How do you think a female version of the No Baggage Challenge might work?
I’d love to see a female version of the No Baggage Challenge! Any ideas, plans, or field experience, ladies? Do let me know!
Is traveling with most of your gear in a vest/jacket all that different from bringing a very small bag? And if not, why go bagless?
This is a great point to bring up — and I’ll concur that, in the long run, going bag-less is less central to my own travel strategies than simply going as light as possible. This can be done as readily with a small bag as a travel vest or cargo pants.
That said, however, I’ve really enjoyed the discipline that has been required by the No Baggage Challenge, since putting items into a vest is different than putting them into a bag (and hence I’m not tempted to bring something that might fit into a small bag, but not into my vest). I’m certainly not going to tell everyone that they have to travel bag-less — but if you are interested in ultra-light travel and on-the-road minimalism, I heartily encourage you to make your own experiments in no-luggage travel. Traveling out of a vest (or a similar clothing combination) is simply different than traveling out of a small bag — and even if you don’t wind up traveling baggage-free forever, the exercise lends a useful perspective.
Has your “packing system” for the SeV Tropical Jacket/Vest changed much since you began the journey?
For the most part it hasn’t. Clothes and gear and toiletries are still more or less going in the same pockets you saw in my initial packing video. I have, however, removed a few items from the vest (see last week’s field report), and the sunglasses now reside in an outside (as opposed to inside) pocket, as does my mineral-salt deodorant stone.
What advice would you give to people wanting to take their own No Baggage Challenge? What other travel clothing might be useful on a no-luggage journey?
My initial advice for those interested in trying no-baggage travel would be to just get out and try it. It’s a lot easier than it sounds, and it’s a lot of fun to travel so light. I might also suggest that you develop your own no-baggage system. My luggage-free travel strategy is a simplification of the way I normally travel (minimalist, but with bags), and I think each person should gradually fine-tune their own travel system rather than reinventing it completely (or copying mine wholesale).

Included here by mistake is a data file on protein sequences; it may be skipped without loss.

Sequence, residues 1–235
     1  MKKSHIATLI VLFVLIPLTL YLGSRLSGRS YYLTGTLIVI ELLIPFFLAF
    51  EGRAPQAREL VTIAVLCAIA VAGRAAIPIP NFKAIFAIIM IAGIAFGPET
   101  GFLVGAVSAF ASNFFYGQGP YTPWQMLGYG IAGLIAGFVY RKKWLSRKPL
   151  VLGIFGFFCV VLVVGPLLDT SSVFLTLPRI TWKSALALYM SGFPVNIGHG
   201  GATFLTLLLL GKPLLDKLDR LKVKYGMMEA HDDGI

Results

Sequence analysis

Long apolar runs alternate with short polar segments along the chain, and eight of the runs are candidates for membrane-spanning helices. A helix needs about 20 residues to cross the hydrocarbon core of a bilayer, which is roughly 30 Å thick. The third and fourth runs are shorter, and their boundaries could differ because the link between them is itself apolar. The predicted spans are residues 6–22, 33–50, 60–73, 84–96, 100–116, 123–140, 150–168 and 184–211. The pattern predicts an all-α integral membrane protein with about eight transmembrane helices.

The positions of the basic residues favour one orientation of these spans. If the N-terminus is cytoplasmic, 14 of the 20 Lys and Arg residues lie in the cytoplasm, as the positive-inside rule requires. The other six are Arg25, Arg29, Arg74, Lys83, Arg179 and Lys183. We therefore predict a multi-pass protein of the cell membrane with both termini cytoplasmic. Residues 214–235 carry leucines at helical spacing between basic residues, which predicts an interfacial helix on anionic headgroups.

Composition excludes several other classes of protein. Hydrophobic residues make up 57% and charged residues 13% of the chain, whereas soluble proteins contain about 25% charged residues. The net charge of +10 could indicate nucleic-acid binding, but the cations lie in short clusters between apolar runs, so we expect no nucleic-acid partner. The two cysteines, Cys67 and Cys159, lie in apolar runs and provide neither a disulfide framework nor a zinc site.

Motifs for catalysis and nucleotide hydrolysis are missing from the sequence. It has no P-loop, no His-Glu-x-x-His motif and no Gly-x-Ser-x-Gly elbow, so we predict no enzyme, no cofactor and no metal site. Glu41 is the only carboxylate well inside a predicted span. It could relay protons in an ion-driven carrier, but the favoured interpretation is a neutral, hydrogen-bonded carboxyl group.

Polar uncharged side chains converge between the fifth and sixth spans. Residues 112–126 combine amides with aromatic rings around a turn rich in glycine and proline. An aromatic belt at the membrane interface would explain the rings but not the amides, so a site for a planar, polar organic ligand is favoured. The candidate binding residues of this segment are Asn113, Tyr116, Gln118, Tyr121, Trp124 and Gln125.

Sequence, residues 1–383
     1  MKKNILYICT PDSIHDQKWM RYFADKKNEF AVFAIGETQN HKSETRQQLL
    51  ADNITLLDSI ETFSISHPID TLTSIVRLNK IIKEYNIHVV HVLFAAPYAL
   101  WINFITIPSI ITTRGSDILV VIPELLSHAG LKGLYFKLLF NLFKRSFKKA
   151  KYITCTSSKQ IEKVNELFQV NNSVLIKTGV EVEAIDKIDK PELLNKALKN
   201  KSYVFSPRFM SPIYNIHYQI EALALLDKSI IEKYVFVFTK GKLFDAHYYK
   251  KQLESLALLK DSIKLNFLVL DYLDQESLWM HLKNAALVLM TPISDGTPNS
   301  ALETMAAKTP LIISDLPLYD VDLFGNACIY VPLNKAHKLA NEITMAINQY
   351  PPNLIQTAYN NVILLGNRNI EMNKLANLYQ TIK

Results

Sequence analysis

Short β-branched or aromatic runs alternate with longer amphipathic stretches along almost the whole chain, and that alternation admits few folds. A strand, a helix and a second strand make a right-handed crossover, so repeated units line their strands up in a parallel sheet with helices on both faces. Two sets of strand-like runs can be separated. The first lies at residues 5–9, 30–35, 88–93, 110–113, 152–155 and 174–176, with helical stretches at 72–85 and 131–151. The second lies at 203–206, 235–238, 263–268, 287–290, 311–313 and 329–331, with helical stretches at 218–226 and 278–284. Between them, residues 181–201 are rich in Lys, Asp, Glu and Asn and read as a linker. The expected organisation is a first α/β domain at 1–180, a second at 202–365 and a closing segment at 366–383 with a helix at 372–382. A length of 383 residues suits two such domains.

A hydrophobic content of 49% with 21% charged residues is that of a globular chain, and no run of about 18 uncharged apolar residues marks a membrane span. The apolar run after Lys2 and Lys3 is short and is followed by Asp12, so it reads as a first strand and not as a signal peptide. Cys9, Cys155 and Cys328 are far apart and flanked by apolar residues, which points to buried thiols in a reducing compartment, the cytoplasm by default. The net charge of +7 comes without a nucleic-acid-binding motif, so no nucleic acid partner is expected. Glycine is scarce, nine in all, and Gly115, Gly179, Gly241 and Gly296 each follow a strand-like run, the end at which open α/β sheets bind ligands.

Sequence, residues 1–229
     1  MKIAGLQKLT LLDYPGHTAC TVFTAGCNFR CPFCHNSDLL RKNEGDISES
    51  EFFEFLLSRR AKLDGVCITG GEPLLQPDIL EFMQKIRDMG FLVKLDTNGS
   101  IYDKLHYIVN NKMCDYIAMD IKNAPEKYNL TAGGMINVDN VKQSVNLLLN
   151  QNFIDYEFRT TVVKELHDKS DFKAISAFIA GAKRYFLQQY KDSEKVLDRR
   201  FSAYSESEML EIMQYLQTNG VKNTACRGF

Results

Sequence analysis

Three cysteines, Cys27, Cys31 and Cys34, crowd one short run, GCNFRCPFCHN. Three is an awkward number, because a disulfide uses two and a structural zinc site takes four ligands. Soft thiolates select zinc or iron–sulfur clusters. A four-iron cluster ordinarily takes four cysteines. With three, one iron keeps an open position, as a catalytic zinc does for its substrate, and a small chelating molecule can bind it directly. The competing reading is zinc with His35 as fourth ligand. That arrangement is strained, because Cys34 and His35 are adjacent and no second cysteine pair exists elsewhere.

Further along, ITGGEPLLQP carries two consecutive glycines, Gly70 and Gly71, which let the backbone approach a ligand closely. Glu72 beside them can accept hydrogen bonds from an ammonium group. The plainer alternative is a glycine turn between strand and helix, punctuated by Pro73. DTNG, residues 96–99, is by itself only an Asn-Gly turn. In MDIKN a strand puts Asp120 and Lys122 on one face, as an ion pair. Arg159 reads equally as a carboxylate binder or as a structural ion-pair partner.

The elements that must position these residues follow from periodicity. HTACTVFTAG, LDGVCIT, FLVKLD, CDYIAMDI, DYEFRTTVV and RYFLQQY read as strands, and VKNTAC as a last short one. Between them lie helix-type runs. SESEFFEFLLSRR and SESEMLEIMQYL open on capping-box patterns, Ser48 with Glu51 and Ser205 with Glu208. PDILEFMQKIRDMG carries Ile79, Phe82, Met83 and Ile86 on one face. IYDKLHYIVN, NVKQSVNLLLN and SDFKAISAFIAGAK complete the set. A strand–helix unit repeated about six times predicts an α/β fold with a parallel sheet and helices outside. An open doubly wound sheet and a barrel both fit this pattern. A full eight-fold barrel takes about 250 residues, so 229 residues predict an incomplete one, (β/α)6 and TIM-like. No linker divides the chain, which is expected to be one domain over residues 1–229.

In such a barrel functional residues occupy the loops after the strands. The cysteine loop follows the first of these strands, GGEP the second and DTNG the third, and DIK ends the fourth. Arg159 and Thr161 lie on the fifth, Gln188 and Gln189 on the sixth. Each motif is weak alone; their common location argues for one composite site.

This in mind, the kind of clothing you bring on a no-baggage journey will depend on your own style. ScotteVest makes a trench-coat that has a lot more pocket-capacity than the SeV jacket/vest I’m using — but I don’t feel like I’m missing anything and I like going ultra-light. A no-baggage business traveler, on the other hand, might need that extra pocket space for his own trip. In general, I’d recommend disciplining yourself to go as light and minimal as possible, just to keep your clothing ensemble light and organized and looking good. And while I haven’t done comprehensive field tests on other brands of travel clothing, I can say in all objectivity that SeV’s vests and jackets are designed with these very factors in mind.
How do you carry water and snacks if don’t have any bags?
For the most part, I’ve been traveling in populated areas where food and drink are easy to come by when I get hungry or thirsty (one exception being Ramadan in Morocco and Egypt). This is mind, I usually just bring a few extra dollars (or baht, or rand) for food instead of packing a lunch. My SeV Tropical Jacket/Vest has ample pocket room for a sandwich or two, however, and its front-outside pockets are specially designed to hold water bottles. I actually tested these front pockets with a tall bottle of Gewürztraminer wine here in New Zealand, and the bottle fit easily!
What do you do when people give you gifts?
So far I haven’t gotten any gifts — but in the event someone does give me a gift I can’t part with, I would probably mail it home (given that it’s not an anvil or a live animal, of course).
What are your favorite places in Thailand and Southeast Asia?
I pretty much love all of Thailand, north to south, east to west, mountains to beaches. Myanmar and Laos are also wonderful places to wander. Each of these countries is gorgeous and friendly and inexpensive — though Myanmar and Laos have less infrastructure and services, so you might start your SE Asian sojourn in Thailand and get more adventurous from there.
Again, if you have any lingering questions, please ask them in the comment section of this post! I will address them in next week’s field report.
The video portion of this week’s field report was shot at The Rees hotel in Queenstown, NZ, where Destination Queenstown graciously hosted us during our time in the area. Nightly rates at The Rees start at NZ$190.
Here is a segment featuring Rolf ‘s No Baggage Challenge on Australia’s Weekend Today show: